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Jesse Jackson turns 80

R. Albert Mohler Jr. | What his turns on abortion and other moral issues tell us about America


Jesse Jackson speaks to students at the Technology Access Foundation Academy in Kent, Wash., in 2014. Associated Press/Photo by Ted S. Warren

Jesse Jackson turns 80
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Jesse Jackson celebrated his 80th birthday on Oct. 8, and the eight decades of his lifetime reveal an America that is utterly changed, and still changing. What does the life of Jesse Jackson tell us about our nation?

Jackson was born in Greenville, S.C., just weeks before the nation would be plunged into war by the Japanese attack on Pearl Harbor. Born to an unmarried mother, Jackson was born into a nation that was brutally segregated by race. As a boy, he would know the harsh reality of Jim Crow America as found in the American South. He would also learn what it meant to grow up with the taunts of schoolmates, who made much of the fact that his mother was not married to his father.

As a young man, Jesse Jackson became involved in the civil rights movement and understood that leaders in the movement were drawn from the ranks of black pastors and preachers. Like many young black men of his generation, Jackson followed the example of Martin Luther King Jr. and went north for theological education, attending Chicago Theological Seminary, a liberal school tied to the United Church of Christ. He became an ordained minister but left seminary before graduating.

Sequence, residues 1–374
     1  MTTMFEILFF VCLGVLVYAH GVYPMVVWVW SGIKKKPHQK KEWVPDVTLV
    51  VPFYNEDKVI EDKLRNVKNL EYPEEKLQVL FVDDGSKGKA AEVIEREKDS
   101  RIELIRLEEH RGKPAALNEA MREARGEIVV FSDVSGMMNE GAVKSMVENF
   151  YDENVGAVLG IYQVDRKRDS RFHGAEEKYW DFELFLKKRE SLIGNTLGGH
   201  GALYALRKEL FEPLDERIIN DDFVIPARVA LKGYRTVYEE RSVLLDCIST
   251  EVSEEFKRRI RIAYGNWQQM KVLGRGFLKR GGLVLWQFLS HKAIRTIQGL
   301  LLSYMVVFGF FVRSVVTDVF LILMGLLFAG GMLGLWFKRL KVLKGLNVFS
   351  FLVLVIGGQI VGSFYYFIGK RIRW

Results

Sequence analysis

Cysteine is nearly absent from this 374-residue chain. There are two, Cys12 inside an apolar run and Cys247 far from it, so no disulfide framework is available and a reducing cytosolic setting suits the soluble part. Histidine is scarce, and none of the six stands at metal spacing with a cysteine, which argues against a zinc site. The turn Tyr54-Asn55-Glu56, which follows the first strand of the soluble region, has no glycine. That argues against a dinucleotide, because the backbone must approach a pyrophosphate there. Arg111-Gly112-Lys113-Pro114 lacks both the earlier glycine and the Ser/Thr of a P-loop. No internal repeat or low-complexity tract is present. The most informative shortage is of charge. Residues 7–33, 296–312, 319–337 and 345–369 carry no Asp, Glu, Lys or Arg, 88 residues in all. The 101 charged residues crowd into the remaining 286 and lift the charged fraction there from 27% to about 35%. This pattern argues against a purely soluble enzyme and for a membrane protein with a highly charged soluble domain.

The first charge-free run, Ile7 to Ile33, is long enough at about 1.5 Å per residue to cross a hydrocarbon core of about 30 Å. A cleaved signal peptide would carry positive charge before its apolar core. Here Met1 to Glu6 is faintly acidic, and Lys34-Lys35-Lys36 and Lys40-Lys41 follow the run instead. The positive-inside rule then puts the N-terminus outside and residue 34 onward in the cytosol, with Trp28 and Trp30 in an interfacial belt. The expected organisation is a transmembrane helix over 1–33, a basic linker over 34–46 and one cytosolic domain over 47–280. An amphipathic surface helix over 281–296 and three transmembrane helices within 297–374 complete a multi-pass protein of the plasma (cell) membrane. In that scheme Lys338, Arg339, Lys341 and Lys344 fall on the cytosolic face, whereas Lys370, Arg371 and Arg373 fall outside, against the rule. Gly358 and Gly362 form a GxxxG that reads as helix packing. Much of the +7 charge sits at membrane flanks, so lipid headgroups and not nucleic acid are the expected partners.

Returning to the South and to civil rights work with the Southern Christian Leadership Conference (SCLS), Jackson became recognized as a master organizer. At the same time, he drew controversy due to what other leaders in the movement considered his endless self-promotion. Jackson became embroiled in a controversy when, immediately after the assassination of the Rev. Dr. Martin Luther King Jr. in Memphis, Jackson claimed that King had died in his arms. Others claimed that Jackson was not even on the same floor of the Lorraine Motel. In any event, Jackson soon founded his own organizations.

Many Americans would come to know the Rev. Jesse Jackson as founder and leader of movements known as Operation PUSH and the Rainbow Coalition. Both organizations would be known for political and corporate activism, and for attracting controversy. But Jackson’s fame would escalate in the 1980s, when he made surprisingly strong runs for the presidential nomination of the Democratic Party in 1984 and 1988. He ran to the party’s left, with one of the most liberal platforms of any major candidate at the time.